The earth has four major layers: the inner core, outer core, mantle and crust.  The crust is what we need to think about here and the earth's crust is divided into 'plates' that are like puzzle pieces but are up to 50 miles thick and they are in constant motion in the earth's interior.   These puzzle pieces are tectonic plates and the edges of the plates are called the plate boundaries. The plate boundaries are made up of many faults, and most of the earthquakes around the world occur on these faults.  Most earthquakes are due to pressure that builds up over time and that pressure causes the ground to 'slip' along a geological fault plane on or near a plate boundary. The vibrations that occur when that slip happens create ground motion at the surface that vibrates

Here are some terms to understand.

Focus/Hypocenter - The point where the fault first slips.
Epicenter - a theoretical point on the earth's surface directly above the focus.
Fault - a fracture across which slippage (or displacement) has occurred during an earthquake, which may be less than an inch or more than 10 yards in a severe earthquake.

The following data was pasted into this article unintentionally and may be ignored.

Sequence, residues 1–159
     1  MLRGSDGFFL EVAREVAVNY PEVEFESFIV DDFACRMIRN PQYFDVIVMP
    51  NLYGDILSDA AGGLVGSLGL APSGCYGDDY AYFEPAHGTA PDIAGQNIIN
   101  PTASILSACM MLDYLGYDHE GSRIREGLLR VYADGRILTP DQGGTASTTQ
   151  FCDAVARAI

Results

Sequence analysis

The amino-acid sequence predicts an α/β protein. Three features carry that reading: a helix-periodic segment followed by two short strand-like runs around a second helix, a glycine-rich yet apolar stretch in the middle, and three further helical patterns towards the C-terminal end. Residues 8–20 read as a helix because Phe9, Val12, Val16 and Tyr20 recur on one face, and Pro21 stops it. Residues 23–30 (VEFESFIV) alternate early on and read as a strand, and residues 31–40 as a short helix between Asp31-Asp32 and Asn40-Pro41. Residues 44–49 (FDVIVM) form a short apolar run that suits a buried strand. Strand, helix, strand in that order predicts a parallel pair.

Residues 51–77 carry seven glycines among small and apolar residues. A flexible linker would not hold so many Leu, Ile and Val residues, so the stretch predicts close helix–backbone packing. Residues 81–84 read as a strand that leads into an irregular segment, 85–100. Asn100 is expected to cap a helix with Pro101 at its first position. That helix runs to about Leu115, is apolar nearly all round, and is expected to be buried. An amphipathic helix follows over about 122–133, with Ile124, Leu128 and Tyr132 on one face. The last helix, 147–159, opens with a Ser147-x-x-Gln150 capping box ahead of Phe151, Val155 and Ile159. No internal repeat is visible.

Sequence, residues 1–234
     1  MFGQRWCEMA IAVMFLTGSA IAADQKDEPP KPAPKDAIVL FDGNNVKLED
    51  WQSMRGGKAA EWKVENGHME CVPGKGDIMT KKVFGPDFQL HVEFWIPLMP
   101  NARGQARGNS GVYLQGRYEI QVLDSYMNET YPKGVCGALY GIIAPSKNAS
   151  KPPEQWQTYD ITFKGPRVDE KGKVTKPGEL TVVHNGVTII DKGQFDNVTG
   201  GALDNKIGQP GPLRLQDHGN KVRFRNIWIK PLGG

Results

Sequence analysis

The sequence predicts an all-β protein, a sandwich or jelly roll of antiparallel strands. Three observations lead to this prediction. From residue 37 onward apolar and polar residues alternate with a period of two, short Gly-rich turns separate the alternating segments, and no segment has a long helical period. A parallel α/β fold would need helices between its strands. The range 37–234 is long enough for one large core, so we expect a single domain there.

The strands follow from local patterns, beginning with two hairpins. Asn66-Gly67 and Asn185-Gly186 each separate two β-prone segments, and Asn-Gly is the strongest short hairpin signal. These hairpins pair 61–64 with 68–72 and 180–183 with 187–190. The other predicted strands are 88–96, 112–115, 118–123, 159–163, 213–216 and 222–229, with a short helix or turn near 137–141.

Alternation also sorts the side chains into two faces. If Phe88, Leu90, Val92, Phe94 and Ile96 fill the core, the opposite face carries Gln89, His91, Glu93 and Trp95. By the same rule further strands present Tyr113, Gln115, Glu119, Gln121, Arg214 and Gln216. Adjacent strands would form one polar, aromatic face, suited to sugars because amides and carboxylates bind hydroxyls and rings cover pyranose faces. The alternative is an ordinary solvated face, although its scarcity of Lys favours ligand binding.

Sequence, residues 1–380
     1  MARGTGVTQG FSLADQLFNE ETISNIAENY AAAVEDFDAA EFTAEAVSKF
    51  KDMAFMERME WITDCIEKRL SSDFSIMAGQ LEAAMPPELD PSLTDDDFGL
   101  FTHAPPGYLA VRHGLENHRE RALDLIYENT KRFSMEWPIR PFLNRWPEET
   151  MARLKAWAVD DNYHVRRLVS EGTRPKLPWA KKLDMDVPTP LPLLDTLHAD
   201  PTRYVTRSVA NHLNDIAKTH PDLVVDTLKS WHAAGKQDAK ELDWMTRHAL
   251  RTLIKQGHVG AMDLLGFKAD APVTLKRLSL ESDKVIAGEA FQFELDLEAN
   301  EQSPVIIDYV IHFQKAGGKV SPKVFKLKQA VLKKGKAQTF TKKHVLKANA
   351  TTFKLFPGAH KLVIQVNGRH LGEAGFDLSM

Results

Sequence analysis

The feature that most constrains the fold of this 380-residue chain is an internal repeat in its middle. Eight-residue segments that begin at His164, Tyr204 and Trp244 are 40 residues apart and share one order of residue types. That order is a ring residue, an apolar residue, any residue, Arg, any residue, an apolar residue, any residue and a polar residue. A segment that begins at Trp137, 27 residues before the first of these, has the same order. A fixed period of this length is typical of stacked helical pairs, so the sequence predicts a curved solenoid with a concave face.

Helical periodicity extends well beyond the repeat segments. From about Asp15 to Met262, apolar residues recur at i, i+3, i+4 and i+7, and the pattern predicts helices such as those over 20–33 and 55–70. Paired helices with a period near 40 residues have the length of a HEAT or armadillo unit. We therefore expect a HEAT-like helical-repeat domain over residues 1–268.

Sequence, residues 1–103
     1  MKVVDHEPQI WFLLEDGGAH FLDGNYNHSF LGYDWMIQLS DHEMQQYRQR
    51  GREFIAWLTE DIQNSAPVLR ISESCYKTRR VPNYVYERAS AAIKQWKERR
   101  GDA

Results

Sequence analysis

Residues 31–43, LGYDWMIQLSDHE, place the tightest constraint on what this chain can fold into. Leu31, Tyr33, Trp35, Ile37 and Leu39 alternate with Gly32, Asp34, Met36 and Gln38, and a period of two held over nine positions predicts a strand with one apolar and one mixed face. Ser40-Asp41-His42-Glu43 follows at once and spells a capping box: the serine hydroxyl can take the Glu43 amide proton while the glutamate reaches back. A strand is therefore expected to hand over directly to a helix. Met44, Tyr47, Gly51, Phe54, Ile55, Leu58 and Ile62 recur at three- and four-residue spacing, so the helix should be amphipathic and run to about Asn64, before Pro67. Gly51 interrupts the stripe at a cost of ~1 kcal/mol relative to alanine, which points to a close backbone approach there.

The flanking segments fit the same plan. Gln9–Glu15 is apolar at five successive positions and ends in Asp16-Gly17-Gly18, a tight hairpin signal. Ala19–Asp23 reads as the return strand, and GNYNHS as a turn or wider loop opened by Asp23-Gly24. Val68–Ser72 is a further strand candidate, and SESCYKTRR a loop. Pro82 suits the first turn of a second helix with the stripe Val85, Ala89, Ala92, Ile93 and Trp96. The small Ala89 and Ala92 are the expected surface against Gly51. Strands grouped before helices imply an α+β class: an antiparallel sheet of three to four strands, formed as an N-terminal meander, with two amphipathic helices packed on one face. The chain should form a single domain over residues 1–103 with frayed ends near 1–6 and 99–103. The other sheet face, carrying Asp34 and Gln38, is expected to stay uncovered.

Magnitude - the energy released during an earthquake, computed from the amplitude of the seismic waves.   We commonly call it the Richter Scale and each whole number on the scale represents an increase of about 30 times more energy released than the previous whole number represents. Therefore, an earthquake measuring 6.0 is about 30 times more powerful than one measuring 5.0.
Aftershock - an earthquake of lesser intensity that follows the main earthquake.

How do scientists measure magnitude?   In the easiest way imaginable - a simple device called a seismograph.    A seismograph has a base in the ground and a heavy weight that hangs free. When an earthquake causes the ground to shake, the base of the seismograph shakes too, but the hanging weight does not. Instead the spring or string that it hangs from absorbs all the movement and the difference in position between the shaking part of the seismograph and the motionless part is what is recorded.

A short wiggly line means a small earthquake and a long wiggly line that wiggles a lot means a large earthquake. The length of the wiggle depends on the size of the fault, and the size of the wiggle depends on the amount of slip.

Lots of things can cause an earthquake that is not natural at all.   Underground nuclear bomb testing restrictions are easy to enforce, for example, because a nuclear bomb produces seismic waves that can easily be detected, like any large earthquake.

Dr. Pat Abbott explains an earthquake in action: